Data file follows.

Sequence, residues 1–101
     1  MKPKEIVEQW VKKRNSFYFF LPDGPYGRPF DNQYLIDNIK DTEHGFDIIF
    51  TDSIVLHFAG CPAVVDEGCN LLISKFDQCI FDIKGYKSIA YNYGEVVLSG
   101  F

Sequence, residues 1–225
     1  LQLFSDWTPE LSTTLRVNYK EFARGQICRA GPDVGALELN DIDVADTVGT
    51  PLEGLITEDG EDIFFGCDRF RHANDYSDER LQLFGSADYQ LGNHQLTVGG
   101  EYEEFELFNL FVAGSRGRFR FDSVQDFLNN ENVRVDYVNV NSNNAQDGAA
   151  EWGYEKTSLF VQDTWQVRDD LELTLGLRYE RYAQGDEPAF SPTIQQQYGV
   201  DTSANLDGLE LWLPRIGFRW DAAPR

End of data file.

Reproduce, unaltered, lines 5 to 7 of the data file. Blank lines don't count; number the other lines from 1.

Sequence, residues 1–225
     1  LQLFSDWTPE LSTTLRVNYK EFARGQICRA GPDVGALELN DIDVADTVGT
    51  PLEGLITEDG EDIFFGCDRF RHANDYSDER LQLFGSADYQ LGNHQLTVGG